Our backs take a lot of beatings from different everyday tasks. But how do you know if you need a foam roller to resolve the issue?
Here are the 5 signs you need a foam roller for your back
1. Sore Muscles For An Extended Period of Time
Have you ever tried a brand-new workout and regretted it in when you got up the next morning? This is soreness. Muscle soreness of the lower back is probably the most common. Sore muscles and tight muscles are not the same.
Soreness primarily occurs from aggressive training or a change in routine. A foam roller can help you relieve this stress.
The idea behind foam rolling exercises is that by applying direct and sweeping high mechanical loads of pressure to muscles and tissues.
You stretch and massage the underlying tissue condition in the lumbar spine causes your back pain, and this is believed to reduce thickening, adhesion, and tension of the fascia [connective tissue] and muscle.
When your back has underlying pain, the rest of your bodies’ extremities tend to follow along.
2. Tightness in Muscles (Different than Having Sore Muscles)
If you feel like your back has formed into a stiff piece of plywood, you most likely suffer from tightness in muscles. It can be the result of a lot of things, such as sitting down for more than 8 hours.
Poor posture can cause abnormal tightness in the back.
Foam rolling exercises stretch and loosen muscles. By applying force to your muscles and connective tissue over time, blood is slowly pressed out and replaced by a flood of fresh blood.
Blood carries vital nutrients such as oxygen and glycogen to spent muscles. The greater amount of blood flow leads to various related and beneficial results.
3. Pain in Your Lower Back.
Back pain is more of a thorn/spike, especially during bending movements. The single most common cause of lower back pain is a torn or pulled muscle and ligament.
But other injuries can include damage to the intervertebral discs, compression of nerve roots, and improper movement of the spinal joints.
As a result of hard wear and tear, the outer ring of one of your lumbar discs may begin to bugle or crack. This, in turn, can lead to lower back pain and stiffness when the gel-like inner material leaks out (or herniates). You should consult a professional if you believe this has occurred. They may advise you to build up to using a foam roller.
4. Discomfort During the Resting Position
This is self-explanatory. Lower back discomfort can have causes that aren’t due to underlying disease. Examples include overdoing it during weight-lifting, prolonged sitting and laying down, sleeping in an uncomfortable position, as well as wearing a poorly-fitted backpack.
The goal of foam rolling is to promote blood flow and break down scar tissue.
Foam rolling can also help maintain normal muscle length, reduce pain and soreness during resting and increase your range of motion.
5. Soft-tissue Tension
Common causes of tense muscles and tissue include trauma, overuse or repetitive stress, and poor posture. Hunching over a desk for long periods also results in muscular tension. There is an imbalance, leading to other muscles having to compensate for the work required.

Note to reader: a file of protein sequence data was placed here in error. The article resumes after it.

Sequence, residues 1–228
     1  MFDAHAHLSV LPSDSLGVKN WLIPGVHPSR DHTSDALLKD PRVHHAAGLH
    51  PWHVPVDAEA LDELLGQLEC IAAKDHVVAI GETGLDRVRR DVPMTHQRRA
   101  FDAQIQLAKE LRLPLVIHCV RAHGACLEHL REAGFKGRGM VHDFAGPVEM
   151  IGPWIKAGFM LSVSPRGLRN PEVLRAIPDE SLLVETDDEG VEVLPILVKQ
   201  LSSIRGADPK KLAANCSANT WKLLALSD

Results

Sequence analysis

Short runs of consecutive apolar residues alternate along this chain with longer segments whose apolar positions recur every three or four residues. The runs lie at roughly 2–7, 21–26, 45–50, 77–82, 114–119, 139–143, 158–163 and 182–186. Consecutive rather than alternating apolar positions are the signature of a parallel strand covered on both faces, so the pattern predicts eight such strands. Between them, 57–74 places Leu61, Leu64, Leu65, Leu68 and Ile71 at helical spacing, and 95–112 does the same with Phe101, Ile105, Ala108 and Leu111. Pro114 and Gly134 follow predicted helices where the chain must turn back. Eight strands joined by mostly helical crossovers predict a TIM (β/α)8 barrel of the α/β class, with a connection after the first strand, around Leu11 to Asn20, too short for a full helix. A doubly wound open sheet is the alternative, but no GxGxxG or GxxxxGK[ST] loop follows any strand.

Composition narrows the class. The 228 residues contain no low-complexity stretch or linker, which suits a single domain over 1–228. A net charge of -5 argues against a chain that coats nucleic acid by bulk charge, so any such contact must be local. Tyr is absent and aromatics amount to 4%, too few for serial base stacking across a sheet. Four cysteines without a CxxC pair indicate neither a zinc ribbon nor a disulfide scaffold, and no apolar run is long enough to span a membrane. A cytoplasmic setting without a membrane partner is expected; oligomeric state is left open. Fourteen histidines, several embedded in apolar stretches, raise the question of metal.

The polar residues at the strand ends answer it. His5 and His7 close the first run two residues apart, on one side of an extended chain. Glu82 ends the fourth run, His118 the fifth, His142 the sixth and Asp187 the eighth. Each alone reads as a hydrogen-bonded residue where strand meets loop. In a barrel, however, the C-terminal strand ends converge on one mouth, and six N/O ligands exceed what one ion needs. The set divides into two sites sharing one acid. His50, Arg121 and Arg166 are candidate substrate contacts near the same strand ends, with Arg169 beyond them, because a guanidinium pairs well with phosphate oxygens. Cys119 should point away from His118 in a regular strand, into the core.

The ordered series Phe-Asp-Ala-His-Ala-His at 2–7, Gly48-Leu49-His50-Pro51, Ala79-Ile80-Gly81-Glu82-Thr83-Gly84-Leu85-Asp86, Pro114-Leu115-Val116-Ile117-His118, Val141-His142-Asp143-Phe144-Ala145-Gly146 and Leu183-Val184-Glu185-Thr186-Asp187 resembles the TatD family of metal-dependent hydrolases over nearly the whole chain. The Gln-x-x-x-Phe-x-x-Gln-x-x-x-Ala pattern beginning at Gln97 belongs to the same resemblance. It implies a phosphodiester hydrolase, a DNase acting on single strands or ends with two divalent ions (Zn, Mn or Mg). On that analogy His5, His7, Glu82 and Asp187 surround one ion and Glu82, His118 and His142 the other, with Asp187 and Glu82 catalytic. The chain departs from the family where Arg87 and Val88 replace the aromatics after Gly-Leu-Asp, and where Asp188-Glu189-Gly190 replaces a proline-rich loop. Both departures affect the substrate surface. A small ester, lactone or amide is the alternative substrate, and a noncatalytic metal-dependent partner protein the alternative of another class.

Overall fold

Another benefit a Foam roller provides is Myofascial release. Myofascial release is the application of low-intensity forces to soft tissues over a long period. Essentially, the purpose is to allow contracted muscles to relax, which improves blood flow and nutrient flow to the area.
The effect is that muscles operate with smoother motion because of reduced internal rubbing.
Important Safety Precautions
Never use a Foam Roller Directly on the Lower Back.
It is okay to use a foam roller on the upper back because the shoulder blades and muscles in the upper back will protect the spine.
However, no structure in the lower back can help to protect your spine from the increased pressure.
If you use a foam roller on your lower back, the spinal muscles could contract and cause more damage than good, especially if a condition in the lumbar spine causes your pain.
Instead, focus the foam roller on your glutes and hip flexors to alleviate lower back pain. Tightness in those areas often contributes to lower back pain.
If you’re experiencing an annoyingly-achy lower back, it might not be originating in that part of the body at all. Tight hip flexors are one of the main causes of lower back pain, and stretching them correctly can be the key to relief.
Consult a Professional
Seek medical advice before doing a lot of foam rolling. They will show you exactly how and where to foam roll for your specific needs.
You’re supposed to go slowly, identify a tender spot and stop there for a few seconds, most people go too quickly and the damage to the back can be worse than doing it on other parts of your body. If you relax too much on the spot, you could put undue pressure on your spine.
If your pain isn’t caused by muscles or mechanics, like inflammation in the cartilage separating your disks, you could make the pain much worse
Foam rolling is only supposed to be done on muscles that have bones backing them to prevent added organ pressure and damage.
Where to Use Your Foam Roller
You can use a foam roller for a lot of different Body Parts.
Here is a shortlist of Body Areas perfect to tackle with a foam roller:
- Inner shoulder
- Upper Back
- IT band and Hamstring
Be sure to take time on the parts of your body that feel the most tension. Roll over each part slowly enough to feel the tension release.
To clarify, you should never continue any foam roller pressure if you are feeling a sharp pain. Regular pain from a release is normal, but excessive sudden sharp pain is bad. Tell your doctor immediately.
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When done properly, foam rolling can help alleviate various back symptoms.
If you are looking for a quality foam roller, check out our in-depth review Here.